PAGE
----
(I was originally asked to write this for the CFI on Campus blog. Make sure to go over there and donate!)
I attended the first Women in Secularism conference in the summer between my sophomore and junior years of college. The Secular Spring was in full swing. I was brimming with passion spurred by March's Reason Rally and I had just been elected president of my university's CFI On Campus affiliate group. Though I was certain that I wanted to become more involved in the Secular Movement, there was a poignant fear lingering in the back of my mind, nagging at me. I wondered whether or not I had the power, the charisma or the authority to ever become an influential secular leader.
I soon realized that one of the reasons I doubted myself was that I had never been exposed to a powerful, charismatic female leader in the Secular Movement. I had been weaned off of my religiosity on a diet of Christopher Hitchens, Aron Ra and Matt Dillahunty. Influential though these men are, they are exactly that: men. I didn't have the deep, booming voice or the tall, imposing stature of these leaders. I worried that, without these qualities, I would be passed over. It was at the Women in Secularism conference that I abandoned this worry.
The conference was small, but the atmosphere was friendly and energetic. At the opening reception, it was easy for people, both women and men, to introduce themselves and to make connections. Even the distinguished speakers in the conference's impressive all-female lineup were kind and accessible. There was an immediately apparent sense of community from that night onward. We laughed together at the infectious wit of speakers like Susan Jacoby and Jamila Bey. We cried together when we heard the powerful, heart wrenching stories that Wafa Sultan told us about the effects of fundamentalist religion on women in Syria, reminding us to "never take anything for granted".
A part of me expected the conference to focus on feminism, but it was less about any ideology than it was about the experiences of secular women. Sikivu Hutchinson spoke of a unique pressure that society puts on women and minorities to be religious. As an African American woman, she had seen first hand how religion permeates both of these communities and how little the secular activists do about it. Being a woman who had both attended school and taught in an urban public school system, I despondently realized how true her observations were, making a mental note to do more volunteer work in Detroit with my SSA group. Bernice Sandler gave a talk about how women and men are treated differently and expect to act differently, especially in the workplace. When she asserted that women generally aren't expected to speak with the power and authority, it became clear to me why the thought of being a student leader made me so nervous. It also became clear though, that each and every woman who spoke at that conference had overcome that unfair societal expectation. This realization gave me hope that I would some day be able to do the same.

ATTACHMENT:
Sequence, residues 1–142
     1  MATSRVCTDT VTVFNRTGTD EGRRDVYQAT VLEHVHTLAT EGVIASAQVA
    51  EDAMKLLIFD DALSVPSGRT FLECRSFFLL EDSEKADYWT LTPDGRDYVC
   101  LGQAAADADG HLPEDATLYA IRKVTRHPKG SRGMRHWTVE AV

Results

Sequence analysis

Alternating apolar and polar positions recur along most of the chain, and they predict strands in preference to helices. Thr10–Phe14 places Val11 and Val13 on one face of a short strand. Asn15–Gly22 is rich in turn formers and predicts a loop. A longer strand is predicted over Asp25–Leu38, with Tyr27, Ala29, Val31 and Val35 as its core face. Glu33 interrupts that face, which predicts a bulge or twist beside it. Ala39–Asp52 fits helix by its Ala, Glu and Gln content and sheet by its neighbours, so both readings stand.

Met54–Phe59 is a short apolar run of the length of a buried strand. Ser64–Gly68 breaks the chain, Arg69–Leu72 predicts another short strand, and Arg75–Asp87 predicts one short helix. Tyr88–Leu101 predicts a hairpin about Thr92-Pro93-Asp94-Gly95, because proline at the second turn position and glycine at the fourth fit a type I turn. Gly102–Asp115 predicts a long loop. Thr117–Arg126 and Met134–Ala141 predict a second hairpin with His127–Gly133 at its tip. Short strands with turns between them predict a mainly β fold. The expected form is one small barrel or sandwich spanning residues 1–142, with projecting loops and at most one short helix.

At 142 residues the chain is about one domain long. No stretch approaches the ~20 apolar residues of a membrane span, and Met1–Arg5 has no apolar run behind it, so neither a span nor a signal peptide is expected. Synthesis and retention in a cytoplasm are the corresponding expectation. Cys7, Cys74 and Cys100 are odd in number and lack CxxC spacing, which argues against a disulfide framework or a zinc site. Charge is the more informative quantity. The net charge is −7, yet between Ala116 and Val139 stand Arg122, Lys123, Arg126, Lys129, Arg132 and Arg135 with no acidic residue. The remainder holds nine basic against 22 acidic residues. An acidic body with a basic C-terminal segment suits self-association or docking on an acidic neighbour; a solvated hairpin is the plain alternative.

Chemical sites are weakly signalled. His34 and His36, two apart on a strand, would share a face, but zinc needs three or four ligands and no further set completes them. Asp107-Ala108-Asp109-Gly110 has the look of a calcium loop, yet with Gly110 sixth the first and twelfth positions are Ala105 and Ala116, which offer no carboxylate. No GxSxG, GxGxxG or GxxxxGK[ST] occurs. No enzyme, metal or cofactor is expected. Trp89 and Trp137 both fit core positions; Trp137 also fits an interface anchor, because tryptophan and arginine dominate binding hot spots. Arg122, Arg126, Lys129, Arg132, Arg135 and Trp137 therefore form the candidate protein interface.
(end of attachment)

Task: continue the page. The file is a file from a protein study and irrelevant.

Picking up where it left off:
Though each charismatic and insightful speaker touched me in their own way, the presentation that touched me the most was Annie Laurie Gaylor's talk on the history of freethinking women. Gaylor had compiled an extensive collection of information on women who had been outspoken critics of religious dogma from the 1800s up until the present day. She projected a picture of each woman onto the screen and told her story. These women were writers, social critics, political activists and average people who simply dared to question the beliefs that they had been raised with. Many of them struggled or died for their beliefs. Never before had I heard the history that was being laid out before at this conference. I could feel tears begin to form as I realized that I, along with every other woman in that room, was a protagonist in the next chapter of that history. I, the newly elected student activist, was now a part of a proud and powerful tradition of women in the Secular Movement. I sincerely wish that every young secular activist could have the experience that I did in that moment.
I returned to my student group with a renewed passion for the Movement. I was keenly aware that there was so much left to do in order to make this country and this world a better place for nonbelievers, especially nonbelieving women and minorities. I wanted to become the kind of student leader who would make proud the secular women who came before me. I wanted to become the kind of activist who would help create a better world for the secular women to come.